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Ambassador Donahoe’s Statement on the UPR Working Group Intervention for Burma
January 27, 2011

U.S. Ambassador to the UN Human RIghts Council (UNHRC) Eileen Chamberlain Donahoe explains the importance of the UNHRC's periodic review of human rights in Burma, and expresses the ongoing deep concern of the US about the human rights situation in Burma. Watch the video

Remarks by the Delegation of the United States of America

UPR Working Group Intervention for Burma, 10th Session

Thursday, January 27, 2011

Delivered by the U.S. Representative to the Human Rights Council

Ambassador Eileen C. Donahoe

The United States welcomes the Burmese delegation to the UPR Working Group, but we remain deeply concerned about the very poor state of human rights in your country. While the United States welcomes the long overdue release of Aung San Suu Kyi, she should never have been detained in the first place. We strongly condemn the ongoing systematic violations of human rights and fundamental freedoms, and express grave concern at the continued detention of more than 2,100 political prisoners.

The United States is deeply disappointed in the November 7 elections, which were neither free nor fair, and failed to meet internationally recognized standards. The elections were based on a severely flawed process, repressed fundamental freedoms, and ensured the continued dominance of the military regime’s current leaders. The elections cannot be considered credible – given unfair electoral laws, an overtly partisan election commission, and the fact that political prisoners, including Aung San Suu Kyi, were denied the opportunity to participate.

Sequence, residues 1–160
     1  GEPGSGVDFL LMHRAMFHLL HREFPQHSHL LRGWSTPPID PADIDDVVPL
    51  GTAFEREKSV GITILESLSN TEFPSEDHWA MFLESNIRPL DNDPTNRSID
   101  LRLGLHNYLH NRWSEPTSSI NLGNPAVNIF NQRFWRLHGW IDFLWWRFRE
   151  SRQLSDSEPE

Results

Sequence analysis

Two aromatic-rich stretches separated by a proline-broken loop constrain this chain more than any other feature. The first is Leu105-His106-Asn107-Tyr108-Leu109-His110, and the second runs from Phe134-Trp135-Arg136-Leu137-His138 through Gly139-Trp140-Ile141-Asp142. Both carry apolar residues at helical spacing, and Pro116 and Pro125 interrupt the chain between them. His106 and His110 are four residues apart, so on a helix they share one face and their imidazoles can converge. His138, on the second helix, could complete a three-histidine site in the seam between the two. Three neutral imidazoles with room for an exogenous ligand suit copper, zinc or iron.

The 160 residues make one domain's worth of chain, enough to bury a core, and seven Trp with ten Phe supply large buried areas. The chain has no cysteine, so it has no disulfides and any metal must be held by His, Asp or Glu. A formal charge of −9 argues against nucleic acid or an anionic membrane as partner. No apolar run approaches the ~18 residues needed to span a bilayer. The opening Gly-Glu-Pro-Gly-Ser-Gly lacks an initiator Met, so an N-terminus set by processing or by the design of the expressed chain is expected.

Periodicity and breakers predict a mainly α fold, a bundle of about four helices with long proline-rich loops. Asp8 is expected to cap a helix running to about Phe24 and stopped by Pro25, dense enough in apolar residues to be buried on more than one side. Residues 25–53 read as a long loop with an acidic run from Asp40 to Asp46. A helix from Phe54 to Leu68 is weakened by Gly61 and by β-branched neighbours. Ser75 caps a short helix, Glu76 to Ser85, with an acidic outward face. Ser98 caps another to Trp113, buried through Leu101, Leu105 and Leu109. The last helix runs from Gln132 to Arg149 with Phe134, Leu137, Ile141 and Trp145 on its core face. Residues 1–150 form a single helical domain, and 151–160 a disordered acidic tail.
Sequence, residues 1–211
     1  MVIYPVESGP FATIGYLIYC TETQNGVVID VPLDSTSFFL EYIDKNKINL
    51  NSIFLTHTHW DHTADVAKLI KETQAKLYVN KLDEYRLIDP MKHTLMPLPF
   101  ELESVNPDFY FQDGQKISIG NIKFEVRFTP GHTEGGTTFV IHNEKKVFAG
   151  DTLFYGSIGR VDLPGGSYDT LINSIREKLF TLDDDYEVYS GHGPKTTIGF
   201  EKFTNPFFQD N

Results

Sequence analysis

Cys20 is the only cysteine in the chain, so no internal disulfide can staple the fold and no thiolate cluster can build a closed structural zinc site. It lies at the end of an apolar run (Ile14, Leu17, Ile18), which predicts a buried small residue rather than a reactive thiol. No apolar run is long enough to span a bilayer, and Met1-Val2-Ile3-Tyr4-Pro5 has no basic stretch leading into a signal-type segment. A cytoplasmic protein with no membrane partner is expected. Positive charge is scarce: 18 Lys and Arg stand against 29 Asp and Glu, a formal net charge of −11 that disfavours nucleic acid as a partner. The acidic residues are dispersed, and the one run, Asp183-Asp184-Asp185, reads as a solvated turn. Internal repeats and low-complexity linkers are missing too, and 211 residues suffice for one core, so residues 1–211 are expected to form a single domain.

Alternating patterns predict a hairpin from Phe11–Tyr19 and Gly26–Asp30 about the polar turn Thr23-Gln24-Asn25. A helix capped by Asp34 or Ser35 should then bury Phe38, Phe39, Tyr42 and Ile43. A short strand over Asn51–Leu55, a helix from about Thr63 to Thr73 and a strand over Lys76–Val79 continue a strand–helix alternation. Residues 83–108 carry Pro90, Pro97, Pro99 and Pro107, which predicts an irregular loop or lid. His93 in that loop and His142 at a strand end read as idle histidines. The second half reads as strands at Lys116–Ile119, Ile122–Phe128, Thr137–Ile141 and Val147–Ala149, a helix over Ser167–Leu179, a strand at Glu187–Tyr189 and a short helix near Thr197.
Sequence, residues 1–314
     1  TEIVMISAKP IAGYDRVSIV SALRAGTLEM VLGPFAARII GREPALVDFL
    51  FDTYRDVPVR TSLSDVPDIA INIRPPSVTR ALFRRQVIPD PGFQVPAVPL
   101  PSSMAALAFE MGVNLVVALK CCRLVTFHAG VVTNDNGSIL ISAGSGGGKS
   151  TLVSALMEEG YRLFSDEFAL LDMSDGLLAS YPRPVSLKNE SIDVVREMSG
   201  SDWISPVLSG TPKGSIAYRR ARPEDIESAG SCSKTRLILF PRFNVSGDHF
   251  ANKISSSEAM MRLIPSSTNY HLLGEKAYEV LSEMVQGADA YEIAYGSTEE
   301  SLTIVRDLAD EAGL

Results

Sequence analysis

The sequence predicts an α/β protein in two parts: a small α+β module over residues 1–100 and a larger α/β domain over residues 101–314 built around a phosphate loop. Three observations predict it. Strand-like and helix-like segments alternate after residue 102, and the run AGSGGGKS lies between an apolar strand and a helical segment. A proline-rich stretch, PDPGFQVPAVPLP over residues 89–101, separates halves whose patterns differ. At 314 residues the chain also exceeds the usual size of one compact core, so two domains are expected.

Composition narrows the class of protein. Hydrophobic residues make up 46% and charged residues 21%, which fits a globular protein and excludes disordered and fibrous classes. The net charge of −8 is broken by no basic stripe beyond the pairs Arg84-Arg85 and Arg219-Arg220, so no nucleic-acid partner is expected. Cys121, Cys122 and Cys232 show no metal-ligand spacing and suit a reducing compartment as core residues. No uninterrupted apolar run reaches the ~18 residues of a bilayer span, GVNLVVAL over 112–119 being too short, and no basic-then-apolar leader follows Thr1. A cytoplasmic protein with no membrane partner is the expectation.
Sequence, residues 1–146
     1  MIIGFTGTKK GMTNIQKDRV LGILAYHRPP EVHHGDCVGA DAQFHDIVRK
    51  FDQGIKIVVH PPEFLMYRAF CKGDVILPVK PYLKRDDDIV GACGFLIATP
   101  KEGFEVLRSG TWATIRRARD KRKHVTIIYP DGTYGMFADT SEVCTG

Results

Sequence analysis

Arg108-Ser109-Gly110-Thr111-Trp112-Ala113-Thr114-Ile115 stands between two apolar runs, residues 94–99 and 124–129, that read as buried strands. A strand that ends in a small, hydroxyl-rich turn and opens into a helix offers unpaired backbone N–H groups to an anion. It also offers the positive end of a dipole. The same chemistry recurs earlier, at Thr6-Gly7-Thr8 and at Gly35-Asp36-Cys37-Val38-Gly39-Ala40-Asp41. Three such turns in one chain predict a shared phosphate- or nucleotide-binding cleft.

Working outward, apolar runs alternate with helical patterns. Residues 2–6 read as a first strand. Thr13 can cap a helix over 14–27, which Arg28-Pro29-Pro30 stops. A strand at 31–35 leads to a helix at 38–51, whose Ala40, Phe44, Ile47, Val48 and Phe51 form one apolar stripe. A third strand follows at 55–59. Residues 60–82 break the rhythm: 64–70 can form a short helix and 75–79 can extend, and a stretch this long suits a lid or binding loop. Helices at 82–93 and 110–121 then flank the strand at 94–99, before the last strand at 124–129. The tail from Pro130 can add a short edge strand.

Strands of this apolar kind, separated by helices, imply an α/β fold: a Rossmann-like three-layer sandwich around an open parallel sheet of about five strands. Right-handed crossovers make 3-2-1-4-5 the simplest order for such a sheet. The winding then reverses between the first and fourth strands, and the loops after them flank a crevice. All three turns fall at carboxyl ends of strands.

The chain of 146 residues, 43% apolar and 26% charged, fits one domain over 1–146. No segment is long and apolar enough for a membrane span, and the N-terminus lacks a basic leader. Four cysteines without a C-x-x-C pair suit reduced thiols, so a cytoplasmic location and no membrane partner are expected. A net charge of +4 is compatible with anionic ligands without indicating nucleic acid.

Critics of the government are at risk of harassment, arbitrary arrest, torture, imprisonment, and even extrajudicial killing, notwithstanding statements in your national report discussing freedom of expression and assembly. Further, while your national report asserts fair treatment of prisoners, according to independent reports there were hundreds of cases of torture of political prisoners.

We are concerned at the continuing human rights violations affecting ethnic minorities, including the Rohingya, who, as Special Rapporteur Quintana noted, faced systematic discrimination. Ethnic minorities in particular face forced labor, sexual violence, and restrictions on movement and association.

Bearing in mind these concerns, the United States would like to make the following four recommendations to the Government:

1. To immediately and unconditionally release all political prisoners and to allow the ICRC unrestricted access to the remaining prisoners;

2. To take immediate steps to end continuing violations of international human rights law;

3. To immediately end violence and discrimination against members of ethnic and religious minorities, grant full citizenship rights to Rohingyas, and end sexual violence committed against ethnic minority women; and

4. To recognize the National League for Democracy (NLD)’s pre-election registration status and to begin a dialogue of national reconciliation with the NLD and other ethnic and democratic actors in the country.